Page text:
• Federal government employees;
  • Tribal government employees unless their tribal government elects coverage through the State;
  • Participants in a work training program administered under state/federal assistance;
  • Participants in a work-study program; and
  • Volunteers.

Where do employees need to be located to be covered by Paid Leave Oregon?

Employees who primarily work in Oregon – even if they live in another state or occasionally work in another state – are covered by the program. Employees who live in Oregon but entirely work in another state, are not covered by Paid Leave Oregon.
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How Much Does Paid Leave Oregon Cost ?

Contributions are calculated as a percentage of an employee’s taxable wages up to the Social Security Wage Limit, currently $168,600 in 2024. The percentage may vary depending on whether an employer chooses coverage through the State plan or an equivalent (private) plan. For the coverage through the State-provided plan, the total 2024 contribution rate is 1% of taxable wages to the current $168,600 threshold, i.e. $1,686 per employee per year. If you are an employer and are interested in an equivalent plan for Paid Leave Oregon and would like to obtain a quote for private coverage, please contact your broker.

While this contribution amount is typically shared between the employer and employee, the employer can choose to pay all or part of their employees’ share of contributions. If the employer chooses to withhold employee contributions, then the maximum an employer can withhold from an employee is 60% of that total 1% contribution to the State Plan. Employers with an equivalent plan cannot withhold more than the maximum employee contribution set by the State.

Small employers with less than 25 employees are not required to pay the employer portion of contributions, but they still have the option to pick up all or part of their employees’ required contributions.

Employer size 1-24 employees 25+ employees
Total Contribution to State Plan (employer & employee combined)
Total combined annual contribution = 1% of $168,600 = $1,686/ee
Minimum employer contribution Exempt 40% ($674.40/ee)
Maximum employer contribution 100% ($1,686/ee)
Maximum employee contribution 60% ($1,011.60) 60% ($1,011.60)
If the employer contributes more than the minimum 40% employer share, the employee’s share goes down correspondingly.

Do Employers Have to Provide Paid Leave Oregon
Through the State Plan?

Oregon employers have the option to provide Paid Leave benefits through the State or an equivalent plan; whether self-administered or in the form of an insurance policy from an approved carrier, such as ShelterPoint Insurance Company*. In either case, the equivalent plan must provide equal or better benefits in comparison to the State and cover all employees who have been employed for at least 30 calendar days when the equivalent plan goes into effect.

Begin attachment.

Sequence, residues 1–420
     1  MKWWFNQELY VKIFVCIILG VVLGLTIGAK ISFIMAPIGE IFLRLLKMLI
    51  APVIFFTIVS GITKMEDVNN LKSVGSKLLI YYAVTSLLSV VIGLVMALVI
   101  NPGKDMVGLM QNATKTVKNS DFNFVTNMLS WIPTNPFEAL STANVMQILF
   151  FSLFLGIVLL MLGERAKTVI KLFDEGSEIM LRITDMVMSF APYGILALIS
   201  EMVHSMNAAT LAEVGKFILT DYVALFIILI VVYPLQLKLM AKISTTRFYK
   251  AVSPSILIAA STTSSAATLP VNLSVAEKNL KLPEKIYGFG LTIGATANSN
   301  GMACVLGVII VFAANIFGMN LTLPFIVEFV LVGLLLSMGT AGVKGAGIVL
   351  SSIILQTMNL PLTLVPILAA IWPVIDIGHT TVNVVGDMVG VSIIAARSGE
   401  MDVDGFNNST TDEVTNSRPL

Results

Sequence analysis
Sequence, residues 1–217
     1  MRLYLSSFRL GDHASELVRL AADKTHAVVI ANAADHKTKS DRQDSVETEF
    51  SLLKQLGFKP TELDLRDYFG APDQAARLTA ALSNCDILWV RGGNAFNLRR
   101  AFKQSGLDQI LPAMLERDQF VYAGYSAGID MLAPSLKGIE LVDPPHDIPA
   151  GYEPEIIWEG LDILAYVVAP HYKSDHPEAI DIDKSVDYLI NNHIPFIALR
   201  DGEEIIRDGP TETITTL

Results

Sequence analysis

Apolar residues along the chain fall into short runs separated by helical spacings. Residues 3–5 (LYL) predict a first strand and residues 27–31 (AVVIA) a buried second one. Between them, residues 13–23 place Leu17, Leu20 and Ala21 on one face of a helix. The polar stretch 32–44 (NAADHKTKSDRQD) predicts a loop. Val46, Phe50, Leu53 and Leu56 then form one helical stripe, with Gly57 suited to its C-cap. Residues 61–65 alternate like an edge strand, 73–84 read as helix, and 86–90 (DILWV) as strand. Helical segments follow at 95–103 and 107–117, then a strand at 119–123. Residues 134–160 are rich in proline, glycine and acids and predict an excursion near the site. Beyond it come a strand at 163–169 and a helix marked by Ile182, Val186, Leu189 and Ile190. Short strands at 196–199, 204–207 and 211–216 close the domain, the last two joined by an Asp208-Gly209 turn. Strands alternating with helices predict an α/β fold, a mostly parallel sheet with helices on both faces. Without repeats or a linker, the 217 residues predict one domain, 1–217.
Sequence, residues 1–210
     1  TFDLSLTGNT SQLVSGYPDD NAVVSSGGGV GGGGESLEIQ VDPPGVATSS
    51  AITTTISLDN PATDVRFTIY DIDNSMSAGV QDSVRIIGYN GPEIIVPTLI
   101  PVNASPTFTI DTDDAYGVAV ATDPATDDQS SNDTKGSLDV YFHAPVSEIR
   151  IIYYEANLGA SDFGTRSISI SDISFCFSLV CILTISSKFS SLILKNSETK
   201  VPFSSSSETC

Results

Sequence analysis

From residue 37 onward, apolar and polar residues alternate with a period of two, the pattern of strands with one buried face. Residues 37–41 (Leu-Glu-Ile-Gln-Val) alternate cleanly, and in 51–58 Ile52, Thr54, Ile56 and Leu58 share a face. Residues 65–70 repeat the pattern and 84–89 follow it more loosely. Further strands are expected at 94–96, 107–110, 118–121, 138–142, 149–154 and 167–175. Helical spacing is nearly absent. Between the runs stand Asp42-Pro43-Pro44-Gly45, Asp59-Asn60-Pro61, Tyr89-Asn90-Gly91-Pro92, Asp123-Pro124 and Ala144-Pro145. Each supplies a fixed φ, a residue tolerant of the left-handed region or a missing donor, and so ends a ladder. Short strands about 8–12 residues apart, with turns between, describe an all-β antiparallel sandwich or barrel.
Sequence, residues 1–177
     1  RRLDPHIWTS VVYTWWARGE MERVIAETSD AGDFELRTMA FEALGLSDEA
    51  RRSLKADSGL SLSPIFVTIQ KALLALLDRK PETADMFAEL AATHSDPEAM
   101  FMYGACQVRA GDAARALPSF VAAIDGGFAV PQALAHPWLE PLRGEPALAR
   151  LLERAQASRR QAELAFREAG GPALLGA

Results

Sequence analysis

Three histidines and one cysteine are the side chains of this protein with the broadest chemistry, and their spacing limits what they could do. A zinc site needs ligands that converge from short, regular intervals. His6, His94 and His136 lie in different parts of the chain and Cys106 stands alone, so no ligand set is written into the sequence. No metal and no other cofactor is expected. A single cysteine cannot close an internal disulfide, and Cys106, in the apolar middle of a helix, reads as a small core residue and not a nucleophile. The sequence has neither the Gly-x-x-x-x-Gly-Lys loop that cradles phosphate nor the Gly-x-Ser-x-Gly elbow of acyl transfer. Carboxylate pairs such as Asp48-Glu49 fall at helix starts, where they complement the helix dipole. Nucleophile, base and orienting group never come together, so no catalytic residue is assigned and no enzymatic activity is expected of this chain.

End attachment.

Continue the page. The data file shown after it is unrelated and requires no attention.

See how to apply for a Paid Leave Oregon equivalent plan here.

What are the advantages of an equivalent plan?

Equivalent plans offer many benefits beyond competitive pricing.

Approved private carriers have built the experience, scalability, and agility to manage statutory benefits coverage and have the resources to continuously expand and enhance capabilities to provide smooth service from onboarding to claims.

Download this guide about private plans to learn more about private plan advantages

Learn how to get started with an equivalent plan application here.

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What obligations do employers have?

Employers are required to inform their employees about their Paid Leave Oregon benefits by making the model notice poster easily accessible; it needs to be posted at each work site and sent to employees electronically or by mail, including any remote workers.

Paid Leave Oregon provides job protection for eligible employees who have worked for you for at least 90 days when starting their Paid Leave; employees who return from their Paid Leave are entitled to be restored to the position they held when starting their leave or – if that no longer exists – any available equivalent position See job protection FAQ below for details

Additionally, employers need to continue providing health insurance benefits during Paid Leave.

Paid Leave Oregon FAQs

Who is considered a family member?

  • spouse or domestic partner;
  • child or the child’s spouse or domestic partner;
  • parent or the parent’s spouse or domestic partner;
  • sibling or stepsibling or the sibling’s or stepsibling’s spouse or domestic partner;
  • grandparent or the grandparent’s spouse or domestic partner;
  • grandchild or the grandchild’s spouse or domestic partner;
  • Any individual related by blood or affinity whose close association is the equivalent of a family relationship.

What is a serious health condition?